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After my son was born I found myself thrown into the darkest period of my life, overtaken by postpartum depression and anxiety. My days were awash in panic attacks from the time I woke up until the time I went to bed, with crying spells that hit without warning in between.

Most of my visitors didn't know any of this.

When they stopped by to deliver a meal or meet the baby, most people asked the question we all ask of new mothers: "How are you doing?" I answered with the automatic response we all give when asked this question: "I'm doing okay," adding with a sideways glance and shrug, "Tired, but that's just how it is."

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"How are you doing?" It's a great question to ask when we see a friend on the street or sit down for coffee to catch up on life. But when we ask it of a new mother, we subconsciously ask her to take the complex period after birth, with its hormonal shifts and emotional ups and downs, and boil it down to one sentiment.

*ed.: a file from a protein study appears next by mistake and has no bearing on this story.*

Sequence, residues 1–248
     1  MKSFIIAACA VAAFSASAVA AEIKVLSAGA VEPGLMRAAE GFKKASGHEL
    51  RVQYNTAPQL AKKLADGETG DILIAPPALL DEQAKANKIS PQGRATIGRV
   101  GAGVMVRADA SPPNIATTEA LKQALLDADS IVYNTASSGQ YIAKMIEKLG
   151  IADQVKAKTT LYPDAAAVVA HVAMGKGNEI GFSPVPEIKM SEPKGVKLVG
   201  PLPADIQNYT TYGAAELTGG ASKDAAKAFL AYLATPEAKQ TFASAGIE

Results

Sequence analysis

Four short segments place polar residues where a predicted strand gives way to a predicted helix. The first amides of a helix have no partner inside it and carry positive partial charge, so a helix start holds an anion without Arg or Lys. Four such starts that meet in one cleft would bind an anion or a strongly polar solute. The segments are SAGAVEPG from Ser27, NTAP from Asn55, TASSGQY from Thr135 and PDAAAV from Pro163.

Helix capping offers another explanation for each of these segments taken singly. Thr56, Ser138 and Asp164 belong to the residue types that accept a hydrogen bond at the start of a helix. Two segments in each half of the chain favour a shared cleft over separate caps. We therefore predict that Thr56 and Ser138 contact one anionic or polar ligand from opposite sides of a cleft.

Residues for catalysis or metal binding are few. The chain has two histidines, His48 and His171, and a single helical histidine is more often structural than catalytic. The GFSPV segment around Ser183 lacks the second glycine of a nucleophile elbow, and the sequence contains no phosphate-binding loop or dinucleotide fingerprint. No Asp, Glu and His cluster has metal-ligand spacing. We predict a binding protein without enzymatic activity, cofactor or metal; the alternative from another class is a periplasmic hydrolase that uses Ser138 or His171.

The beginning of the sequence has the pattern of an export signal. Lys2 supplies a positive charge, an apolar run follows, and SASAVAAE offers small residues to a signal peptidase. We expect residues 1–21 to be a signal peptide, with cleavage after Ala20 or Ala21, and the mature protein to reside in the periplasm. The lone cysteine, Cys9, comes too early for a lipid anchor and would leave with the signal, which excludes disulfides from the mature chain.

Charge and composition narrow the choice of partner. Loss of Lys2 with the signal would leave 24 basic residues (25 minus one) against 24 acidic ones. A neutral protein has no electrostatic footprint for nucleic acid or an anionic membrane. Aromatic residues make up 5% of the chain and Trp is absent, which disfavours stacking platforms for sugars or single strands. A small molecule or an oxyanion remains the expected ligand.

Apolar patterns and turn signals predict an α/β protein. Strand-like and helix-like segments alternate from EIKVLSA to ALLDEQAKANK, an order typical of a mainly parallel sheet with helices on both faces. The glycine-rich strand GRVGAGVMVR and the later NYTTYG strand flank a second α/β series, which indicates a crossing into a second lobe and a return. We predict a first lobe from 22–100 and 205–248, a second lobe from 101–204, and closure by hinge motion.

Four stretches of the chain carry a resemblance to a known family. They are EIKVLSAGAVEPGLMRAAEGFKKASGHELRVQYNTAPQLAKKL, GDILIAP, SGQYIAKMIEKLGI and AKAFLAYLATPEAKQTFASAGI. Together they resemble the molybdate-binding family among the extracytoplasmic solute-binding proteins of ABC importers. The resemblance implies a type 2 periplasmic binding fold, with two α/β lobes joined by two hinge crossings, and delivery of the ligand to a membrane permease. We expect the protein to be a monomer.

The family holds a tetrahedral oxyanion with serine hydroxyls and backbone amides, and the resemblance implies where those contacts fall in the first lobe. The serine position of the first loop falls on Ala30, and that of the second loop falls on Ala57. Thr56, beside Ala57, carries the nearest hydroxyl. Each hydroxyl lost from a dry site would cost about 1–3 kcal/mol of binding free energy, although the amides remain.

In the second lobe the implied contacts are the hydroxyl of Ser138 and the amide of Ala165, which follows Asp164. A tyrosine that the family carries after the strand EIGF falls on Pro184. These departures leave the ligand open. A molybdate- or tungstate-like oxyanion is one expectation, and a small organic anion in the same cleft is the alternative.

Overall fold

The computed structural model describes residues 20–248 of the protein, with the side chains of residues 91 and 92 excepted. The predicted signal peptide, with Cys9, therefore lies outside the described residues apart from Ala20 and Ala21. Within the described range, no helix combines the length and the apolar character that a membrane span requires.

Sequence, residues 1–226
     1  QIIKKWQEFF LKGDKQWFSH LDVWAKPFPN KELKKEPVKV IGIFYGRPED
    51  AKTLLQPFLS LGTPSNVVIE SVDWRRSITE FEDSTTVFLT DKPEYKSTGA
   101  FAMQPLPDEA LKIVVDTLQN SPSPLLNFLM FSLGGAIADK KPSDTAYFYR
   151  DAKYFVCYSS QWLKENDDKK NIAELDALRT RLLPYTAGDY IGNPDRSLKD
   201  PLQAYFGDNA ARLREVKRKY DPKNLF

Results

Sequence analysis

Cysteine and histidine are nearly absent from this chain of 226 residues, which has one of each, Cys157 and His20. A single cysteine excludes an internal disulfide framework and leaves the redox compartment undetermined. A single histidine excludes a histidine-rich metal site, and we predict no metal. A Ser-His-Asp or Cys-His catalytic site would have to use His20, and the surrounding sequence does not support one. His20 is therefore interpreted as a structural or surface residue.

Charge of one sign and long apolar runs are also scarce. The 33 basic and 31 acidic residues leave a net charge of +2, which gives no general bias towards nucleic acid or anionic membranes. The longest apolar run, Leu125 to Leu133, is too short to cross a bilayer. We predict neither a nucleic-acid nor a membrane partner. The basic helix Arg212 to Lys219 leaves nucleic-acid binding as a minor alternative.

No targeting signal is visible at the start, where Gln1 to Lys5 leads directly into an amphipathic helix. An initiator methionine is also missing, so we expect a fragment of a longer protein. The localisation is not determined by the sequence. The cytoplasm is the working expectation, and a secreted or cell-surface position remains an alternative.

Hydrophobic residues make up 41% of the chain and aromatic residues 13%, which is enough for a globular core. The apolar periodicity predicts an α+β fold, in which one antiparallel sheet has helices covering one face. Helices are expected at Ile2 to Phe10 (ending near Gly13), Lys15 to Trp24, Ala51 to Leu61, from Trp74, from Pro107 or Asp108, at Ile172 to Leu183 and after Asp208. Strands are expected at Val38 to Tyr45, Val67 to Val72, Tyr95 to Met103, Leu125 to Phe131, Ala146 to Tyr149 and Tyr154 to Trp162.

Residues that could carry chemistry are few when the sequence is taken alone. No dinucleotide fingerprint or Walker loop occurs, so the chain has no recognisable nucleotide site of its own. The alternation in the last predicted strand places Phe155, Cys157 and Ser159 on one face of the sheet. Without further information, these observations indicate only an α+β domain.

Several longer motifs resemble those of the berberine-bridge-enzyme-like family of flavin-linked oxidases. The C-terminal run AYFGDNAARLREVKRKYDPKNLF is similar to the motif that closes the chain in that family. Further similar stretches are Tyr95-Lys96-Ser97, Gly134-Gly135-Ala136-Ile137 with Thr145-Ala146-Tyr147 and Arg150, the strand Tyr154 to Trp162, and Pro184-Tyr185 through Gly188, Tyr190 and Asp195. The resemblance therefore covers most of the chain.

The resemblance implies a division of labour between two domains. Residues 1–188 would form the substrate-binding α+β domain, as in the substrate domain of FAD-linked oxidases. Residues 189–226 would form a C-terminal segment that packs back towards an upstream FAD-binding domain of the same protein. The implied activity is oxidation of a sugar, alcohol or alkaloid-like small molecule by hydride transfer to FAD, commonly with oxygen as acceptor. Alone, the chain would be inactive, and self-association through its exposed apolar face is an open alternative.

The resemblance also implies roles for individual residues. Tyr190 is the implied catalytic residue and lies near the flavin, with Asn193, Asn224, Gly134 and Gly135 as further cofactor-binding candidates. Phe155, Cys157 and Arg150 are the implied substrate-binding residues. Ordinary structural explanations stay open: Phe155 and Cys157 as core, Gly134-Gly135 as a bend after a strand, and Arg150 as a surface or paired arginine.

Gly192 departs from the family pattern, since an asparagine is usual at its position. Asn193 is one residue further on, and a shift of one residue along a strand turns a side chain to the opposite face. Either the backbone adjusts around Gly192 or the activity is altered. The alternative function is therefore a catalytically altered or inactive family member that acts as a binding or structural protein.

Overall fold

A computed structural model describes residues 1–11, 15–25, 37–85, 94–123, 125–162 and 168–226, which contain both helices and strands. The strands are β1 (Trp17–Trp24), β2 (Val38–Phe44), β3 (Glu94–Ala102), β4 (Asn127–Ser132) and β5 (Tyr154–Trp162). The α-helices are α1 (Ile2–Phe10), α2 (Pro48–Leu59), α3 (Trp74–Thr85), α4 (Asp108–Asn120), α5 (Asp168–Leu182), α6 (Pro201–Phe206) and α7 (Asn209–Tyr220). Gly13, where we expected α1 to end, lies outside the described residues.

The postpartum period deserves a better question.

The reality for each mother is different, and the answer to such a simple question may be kept private for fear of making her visitors uncomfortable if she senses they expect a glowing new mother, drunk on oxytocin.

A better question for any visitor, or even if you see a woman with a new baby on the street, is: "How are you feeling, emotionally?"

This question doesn't just invite a response, it shows a new mother that you are ready and unafraid to hear about her feelings, whatever they may be.